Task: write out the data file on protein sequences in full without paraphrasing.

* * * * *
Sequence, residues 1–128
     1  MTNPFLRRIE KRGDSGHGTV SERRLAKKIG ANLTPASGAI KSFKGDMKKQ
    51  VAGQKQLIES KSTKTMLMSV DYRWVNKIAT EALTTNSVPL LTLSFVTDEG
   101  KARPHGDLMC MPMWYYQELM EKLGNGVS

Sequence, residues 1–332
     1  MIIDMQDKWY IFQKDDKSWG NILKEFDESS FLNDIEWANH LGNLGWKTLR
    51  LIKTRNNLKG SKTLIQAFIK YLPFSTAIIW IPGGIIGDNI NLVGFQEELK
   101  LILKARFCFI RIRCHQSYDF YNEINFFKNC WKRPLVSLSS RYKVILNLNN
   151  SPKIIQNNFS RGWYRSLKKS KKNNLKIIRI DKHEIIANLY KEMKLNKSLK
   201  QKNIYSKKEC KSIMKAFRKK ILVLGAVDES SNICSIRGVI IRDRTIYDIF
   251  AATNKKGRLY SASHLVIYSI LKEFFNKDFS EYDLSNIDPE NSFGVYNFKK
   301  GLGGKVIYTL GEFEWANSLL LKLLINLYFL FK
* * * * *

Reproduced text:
Sequence, residues 1–128
     1  MTNPFLRRIE KRGDSGHGTV SERRLAKKIG ANLTPASGAI KSFKGDMKKQ
    51  VAGQKQLIES KSTKTMLMSV DYRWVNKIAT EALTTNSVPL LTLSFVTDEG
   101  KARPHGDLMC MPMWYYQELM EKLGNGVS

Sequence, residues 1–332
     1  MIIDMQDKWY IFQKDDKSWG NILKEFDESS FLNDIEWANH LGNLGWKTLR
    51  LIKTRNNLKG SKTLIQAFIK YLPFSTAIIW IPGGIIGDNI NLVGFQEELK
   101  LILKARFCFI RIRCHQSYDF YNEINFFKNC WKRPLVSLSS RYKVILNLNN
   151  SPKIIQNNFS RGWYRSLKKS KKNNLKIIRI DKHEIIANLY KEMKLNKSLK
   201  QKNIYSKKEC KSIMKAFRKK ILVLGAVDES SNICSIRGVI IRDRTIYDIF
   251  AATNKKGRLY SASHLVIYSI LKEFFNKDFS EYDLSNIDPE NSFGVYNFKK
   301  GLGGKVIYTL GEFEWANSLL LKLLINLYFL FK